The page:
We went for a drink with one of the local liveaboards the other night and were sat outside when another boater who we know, came outside for a ciggie. We started talking and he declared that he was a member of the BNP (I've no idea why they all love to declare this to anyone who'll listen. I would never mention my political beliefs unless it was relevant. (OK, that's not entirely true. It's not true at all really). Well not really a major surprise around these parts. But we were guilty of then taking advantage of the situation and asking difficult questions like, 'What about the Irish, scots and the Welsh over here. Should they be sent home? (according to the BNP website they shouldn't) Our BNP friend thought that they should. Our liveaboard friend, knowing where I was originally from, started generally taking the Mick. Laughing at the afflicted.
You've got to feel sorry for these people as they have constructed their own reality and live in a bubble away from the rest of us. Well I say you've got to feel sorry for them but only to a point (a pretty sharp point I think). I'm all for people thinking for themselves and forming their own opinions but I wish that some would think for themselves with a little more information and available evidence rather than nonsense, bigotry and misplaced patriotism. And please don't impose this nonsense on others you hardly know.
You pop off for a couple of days and BW arrive and dig up your mooring. Well it's not technically our mooring and they haven't technically dug it up but as we are constant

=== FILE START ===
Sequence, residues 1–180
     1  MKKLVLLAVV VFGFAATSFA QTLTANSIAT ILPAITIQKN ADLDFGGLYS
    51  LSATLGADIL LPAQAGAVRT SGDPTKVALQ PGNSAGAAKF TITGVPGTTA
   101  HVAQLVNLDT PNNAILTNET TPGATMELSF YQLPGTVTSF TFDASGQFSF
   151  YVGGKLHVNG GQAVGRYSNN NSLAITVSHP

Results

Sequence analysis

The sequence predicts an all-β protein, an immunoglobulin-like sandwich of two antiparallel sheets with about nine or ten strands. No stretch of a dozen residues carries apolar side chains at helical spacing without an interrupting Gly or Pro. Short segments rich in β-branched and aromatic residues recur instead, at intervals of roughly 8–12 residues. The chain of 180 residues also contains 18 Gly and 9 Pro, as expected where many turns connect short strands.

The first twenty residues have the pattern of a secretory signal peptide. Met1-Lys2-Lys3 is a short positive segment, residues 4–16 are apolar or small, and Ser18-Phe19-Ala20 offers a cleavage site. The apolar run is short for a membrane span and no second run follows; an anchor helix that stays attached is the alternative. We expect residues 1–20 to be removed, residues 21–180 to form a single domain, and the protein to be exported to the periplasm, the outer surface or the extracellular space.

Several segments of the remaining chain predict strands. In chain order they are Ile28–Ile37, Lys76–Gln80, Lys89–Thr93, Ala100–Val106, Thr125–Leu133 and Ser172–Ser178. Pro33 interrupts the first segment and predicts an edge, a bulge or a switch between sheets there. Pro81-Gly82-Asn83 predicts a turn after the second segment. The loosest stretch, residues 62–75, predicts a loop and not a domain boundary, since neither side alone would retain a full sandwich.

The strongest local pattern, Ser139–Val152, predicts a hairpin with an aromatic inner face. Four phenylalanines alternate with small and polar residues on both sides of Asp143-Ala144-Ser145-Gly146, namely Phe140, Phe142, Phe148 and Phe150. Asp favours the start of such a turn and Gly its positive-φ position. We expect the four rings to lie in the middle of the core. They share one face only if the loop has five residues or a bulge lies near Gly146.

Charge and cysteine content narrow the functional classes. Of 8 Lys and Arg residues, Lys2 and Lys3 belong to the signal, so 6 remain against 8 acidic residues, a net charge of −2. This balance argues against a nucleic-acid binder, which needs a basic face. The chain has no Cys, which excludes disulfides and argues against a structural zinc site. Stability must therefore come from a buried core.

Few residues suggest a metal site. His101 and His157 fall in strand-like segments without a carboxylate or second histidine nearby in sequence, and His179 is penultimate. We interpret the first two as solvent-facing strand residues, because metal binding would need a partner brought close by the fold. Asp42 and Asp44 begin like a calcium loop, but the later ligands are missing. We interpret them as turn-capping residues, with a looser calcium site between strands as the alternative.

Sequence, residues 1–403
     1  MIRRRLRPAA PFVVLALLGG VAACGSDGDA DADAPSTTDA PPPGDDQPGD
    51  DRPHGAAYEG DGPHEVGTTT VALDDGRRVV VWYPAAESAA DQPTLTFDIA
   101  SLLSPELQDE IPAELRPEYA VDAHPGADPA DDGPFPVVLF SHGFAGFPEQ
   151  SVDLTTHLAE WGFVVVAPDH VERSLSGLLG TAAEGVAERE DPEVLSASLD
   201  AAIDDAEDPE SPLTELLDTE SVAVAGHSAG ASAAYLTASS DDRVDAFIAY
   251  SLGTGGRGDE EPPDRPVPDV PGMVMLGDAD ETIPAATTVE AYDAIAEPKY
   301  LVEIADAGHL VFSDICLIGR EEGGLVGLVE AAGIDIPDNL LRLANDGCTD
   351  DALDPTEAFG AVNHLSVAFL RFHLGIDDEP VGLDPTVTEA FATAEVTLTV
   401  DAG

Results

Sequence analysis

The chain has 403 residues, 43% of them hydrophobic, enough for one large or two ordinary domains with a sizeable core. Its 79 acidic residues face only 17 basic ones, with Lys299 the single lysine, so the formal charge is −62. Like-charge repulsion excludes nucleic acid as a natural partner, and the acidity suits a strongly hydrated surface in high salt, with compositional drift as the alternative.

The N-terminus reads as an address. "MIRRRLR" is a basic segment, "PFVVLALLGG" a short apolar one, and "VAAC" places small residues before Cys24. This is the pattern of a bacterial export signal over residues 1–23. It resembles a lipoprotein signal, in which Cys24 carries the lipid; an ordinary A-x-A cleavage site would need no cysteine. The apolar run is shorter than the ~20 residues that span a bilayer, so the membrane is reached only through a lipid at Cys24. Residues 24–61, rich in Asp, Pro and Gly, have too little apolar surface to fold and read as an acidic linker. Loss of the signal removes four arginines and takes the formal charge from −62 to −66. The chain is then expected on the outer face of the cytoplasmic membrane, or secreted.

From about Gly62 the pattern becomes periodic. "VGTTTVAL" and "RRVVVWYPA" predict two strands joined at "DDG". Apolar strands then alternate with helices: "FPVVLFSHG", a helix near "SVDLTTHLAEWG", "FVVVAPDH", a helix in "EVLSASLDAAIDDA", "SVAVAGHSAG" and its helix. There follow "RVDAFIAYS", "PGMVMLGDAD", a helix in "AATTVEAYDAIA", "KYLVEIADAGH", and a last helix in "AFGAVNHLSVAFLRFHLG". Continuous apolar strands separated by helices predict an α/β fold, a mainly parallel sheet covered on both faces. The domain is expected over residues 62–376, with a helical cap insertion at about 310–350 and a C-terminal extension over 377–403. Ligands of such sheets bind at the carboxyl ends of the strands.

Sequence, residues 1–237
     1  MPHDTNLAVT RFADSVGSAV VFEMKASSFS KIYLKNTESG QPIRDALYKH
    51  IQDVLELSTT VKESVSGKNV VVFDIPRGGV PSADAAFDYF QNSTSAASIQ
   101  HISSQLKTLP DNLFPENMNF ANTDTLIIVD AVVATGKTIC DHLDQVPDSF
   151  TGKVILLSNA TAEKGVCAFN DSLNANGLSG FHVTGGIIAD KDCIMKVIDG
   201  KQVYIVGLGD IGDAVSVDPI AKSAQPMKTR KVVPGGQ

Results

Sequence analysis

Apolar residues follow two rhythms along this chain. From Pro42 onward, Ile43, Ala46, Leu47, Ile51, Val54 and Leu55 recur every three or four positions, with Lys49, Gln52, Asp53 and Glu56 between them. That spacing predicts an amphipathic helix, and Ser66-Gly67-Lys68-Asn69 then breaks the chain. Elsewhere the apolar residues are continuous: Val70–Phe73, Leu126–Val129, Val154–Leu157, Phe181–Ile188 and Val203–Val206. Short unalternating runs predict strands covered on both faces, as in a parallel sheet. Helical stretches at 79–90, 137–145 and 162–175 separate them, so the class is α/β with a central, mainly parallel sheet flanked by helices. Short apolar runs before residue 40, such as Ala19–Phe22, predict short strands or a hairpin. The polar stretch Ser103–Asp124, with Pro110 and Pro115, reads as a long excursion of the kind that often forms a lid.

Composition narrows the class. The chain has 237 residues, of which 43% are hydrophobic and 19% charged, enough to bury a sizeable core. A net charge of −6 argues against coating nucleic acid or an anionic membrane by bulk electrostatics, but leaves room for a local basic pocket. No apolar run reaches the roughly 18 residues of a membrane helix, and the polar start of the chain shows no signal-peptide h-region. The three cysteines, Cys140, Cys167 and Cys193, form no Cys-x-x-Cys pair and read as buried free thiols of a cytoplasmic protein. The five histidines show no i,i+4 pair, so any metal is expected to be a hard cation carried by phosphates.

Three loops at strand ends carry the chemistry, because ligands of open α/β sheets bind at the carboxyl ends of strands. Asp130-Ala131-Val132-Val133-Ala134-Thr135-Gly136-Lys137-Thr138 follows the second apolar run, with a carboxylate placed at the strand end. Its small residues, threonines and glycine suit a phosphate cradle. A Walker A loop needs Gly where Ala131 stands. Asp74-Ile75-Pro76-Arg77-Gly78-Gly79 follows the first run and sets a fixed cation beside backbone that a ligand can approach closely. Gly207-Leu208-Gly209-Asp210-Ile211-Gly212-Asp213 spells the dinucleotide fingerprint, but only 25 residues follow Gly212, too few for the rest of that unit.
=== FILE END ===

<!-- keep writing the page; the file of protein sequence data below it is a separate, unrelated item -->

We've just bought a solid fuel fired Rayburn. We now just need to have it picked up, delivered to the boat yard, placed into the front deck and drag it inside and installed. Shouldn't be any problem. It only weighs 320 kgs. Whatever that is in pounds.
As we were bidding for it, our internet signal died and we had to scramble out of the boat and head along the totally black towpath to the car and then to a decent signal area. In the melee I had 'done me back in'. As we were bumbling up the muddy towpath a boat came around the corner and hit the bridge, switched on his headlight and blinded us. When it passed we were night blind and couldn't see a thing. The remainder of the trek to the car was like stumbling around a coal house at midnight looking for the proverbial black cat and Lisa shouting at me to stop moaning when we missed the gentle slope to the car and proceeded to climb the adjacent mountain. We eventually found the car and sped away to find a 3g signal and to make the winning bid. Phew. Whoever said this boating malarkey was easy.